The following story has been condensed from an article published in the Marin Scope in March 1981.
by Annie Sutter
It's 6:15 a.m., the sky's a chilly, mottled, sullen pinkish-gray, and I'm tiptoeing through patches of frost on an uninviting expanse of dock leading out to the berth where Cimba, the 32' Grand Banks, awaits the arrival of the week's Farallon Patrol. Soon all the shivering members of the expedition have gathered -- Charlie Merrill, skipper, bustling about loading gear, groceries and rolls of chicken wire; two members of the Point Reyes Bird Observatory (from here on known as the PRBO) who will relieve other scientists studying bird and seal populations at the windswept islands, and others doubtless wondering why they're casting off into a leaden and chilly sea with a rough day ahead.
At 7 a.m., coffee, croissants and a glorious display of pink, gold, and orange sunrise have done a great deal to dispel the cold and gloom as Cimba joins the early morning parade of fishboats and assorted craft heading out the Gate for a crack at salmon, albacore and cod. Cimba's engine purrs happily as she heads out into what has become a morning sparkly sea of silver and blue and long, low smooth swells -- maybe no one will be seasick this run! A caravan of cormorants heads out to sea in tight formation and flocks of murres disappear beneath the waves to port, and reappear in unison, yards away to starboard. An hour later, the swells have increased in volume, the wind has freshened, and the sparkly sea, stirred up into mean little khaki colored choplets, begins to slap and break over the bow while Cimba leaps through the swells, digs down, and rides up, shaking off spray.
By 11 a.m. the islands, at first smoky blobs on the horizon, have been taking shape for the past couple of hours. They consist of three rocky, mainly barren and windswept groups; and the largest at 90 acres with a lighthouse on top is Southeast Farallon, home of the PRBO and our destination. We've made radio contact with the island, and people are waiting up on a large concrete landing with a crane. We've got an easterly wind, the worst kind for the pick-up, and the swells are just about big enough to call off the rendezvous -- but not quite. They radio to come on in and tie up to a big seaweed-encrusted buoy, which is rolling violently, tugging at its mooring.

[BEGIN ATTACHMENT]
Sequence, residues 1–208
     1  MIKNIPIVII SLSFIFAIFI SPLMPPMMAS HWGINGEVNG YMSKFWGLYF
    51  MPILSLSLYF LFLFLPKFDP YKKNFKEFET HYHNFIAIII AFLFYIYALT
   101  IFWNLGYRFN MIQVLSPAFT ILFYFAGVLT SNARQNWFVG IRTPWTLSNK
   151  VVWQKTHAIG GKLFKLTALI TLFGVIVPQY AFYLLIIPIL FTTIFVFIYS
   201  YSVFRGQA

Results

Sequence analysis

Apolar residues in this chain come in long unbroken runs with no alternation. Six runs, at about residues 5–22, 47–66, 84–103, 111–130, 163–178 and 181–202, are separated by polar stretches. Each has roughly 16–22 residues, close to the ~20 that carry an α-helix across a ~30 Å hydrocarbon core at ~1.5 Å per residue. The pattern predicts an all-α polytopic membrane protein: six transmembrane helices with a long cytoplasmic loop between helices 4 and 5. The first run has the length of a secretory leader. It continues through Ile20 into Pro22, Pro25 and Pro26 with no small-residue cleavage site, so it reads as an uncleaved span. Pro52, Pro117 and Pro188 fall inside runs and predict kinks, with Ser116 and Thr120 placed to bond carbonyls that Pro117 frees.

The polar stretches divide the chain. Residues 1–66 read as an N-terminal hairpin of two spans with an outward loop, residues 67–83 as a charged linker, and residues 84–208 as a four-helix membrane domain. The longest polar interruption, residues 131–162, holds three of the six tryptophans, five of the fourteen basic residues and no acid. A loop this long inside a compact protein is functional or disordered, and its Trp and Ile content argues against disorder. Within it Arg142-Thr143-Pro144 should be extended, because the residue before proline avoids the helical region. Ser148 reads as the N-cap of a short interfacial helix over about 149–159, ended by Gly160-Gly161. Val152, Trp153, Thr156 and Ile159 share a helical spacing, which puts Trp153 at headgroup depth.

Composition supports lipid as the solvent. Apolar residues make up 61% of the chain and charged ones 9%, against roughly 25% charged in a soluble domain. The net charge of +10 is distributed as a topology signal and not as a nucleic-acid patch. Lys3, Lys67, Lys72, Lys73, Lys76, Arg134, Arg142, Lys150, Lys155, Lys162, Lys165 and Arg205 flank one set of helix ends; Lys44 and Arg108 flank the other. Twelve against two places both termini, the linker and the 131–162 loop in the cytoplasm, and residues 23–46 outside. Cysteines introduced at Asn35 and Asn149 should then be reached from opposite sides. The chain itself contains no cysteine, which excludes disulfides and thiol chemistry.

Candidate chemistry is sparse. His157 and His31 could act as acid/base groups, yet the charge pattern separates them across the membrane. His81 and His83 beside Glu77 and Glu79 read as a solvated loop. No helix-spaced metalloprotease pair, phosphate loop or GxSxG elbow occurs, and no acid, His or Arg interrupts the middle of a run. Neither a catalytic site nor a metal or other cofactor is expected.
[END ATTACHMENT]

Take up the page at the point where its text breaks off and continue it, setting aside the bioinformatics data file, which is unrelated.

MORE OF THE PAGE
A Boston Whaler with two people in it is hanging off the crane and being lowered slowly into the water, a distance of about 25'. As it hits the water, the people's heads vanish behind swells, then reappear, and as the boat is unhooked from the hoist, it skitters off, bounding through the troughs, appearing and disappearing. Soon, a large box is dangling from the hoist, and the Whaler goes back to pick it up. It sways and lurches while the boat dances below; then, as the two finally meet, the box is deftly unhooked and it lands with a plop in the Whaler, which backs off quickly and heads out to Cimba to unload. Back and forth they go - box returned empty, box hoisted, box reloaded, box returned to Cimba filled with equipment, duffel bags, packs and luggage of those who will be leaving.
When it's time for the staff to disembark from the landing at the top of the cliff, a new conveyance is hooked onto the crane - a scary looking thing called a "Billypugh", developed for use on big oil rigs. The people climb onto the top, cling to it as it's lowered, swaying, to the Whaler. They say it's a lot easier to get on at the top than off at the bottom. Soon we have four new faces aboard, four sets of belongings, and four people who say they are glad to be going home. We unleash Cimba from the rolling buoy, and head back into the chop and the swells, for the Golden Gate.
After reading about sharks and tumultuous seas in Cimba's logbook, I look around apprehensively, but today the sea is kind, and the boat is faithfully buzzing along toward home. By 5 p.m., we're nearing the Gate, bucking a fierce ebb tide, but making headway. It's dark by the time the amber overheard lights of the bridge have been left behind, and as we approach Sausalito traffic scurries along Bridgeway, and the lights twinkle up in the hills. Cimba glides into her berth, veteran of another Farallon Patrol voyage. "Piece of cake!" says Charlie.
Charles H. Merrill, a small boat sailor and a pillar of the Sausalito community, died in his hillside home overlooking San Francisco Bay at age 95. In 1990, Cimba went into disrepair and in 1999, Charlie Merrill decided to sell her to Capt. Paul Dines of SF Bay Adventures, which offers private charters on her for up to 6 guests. For more information, visit sfbayadventures.com.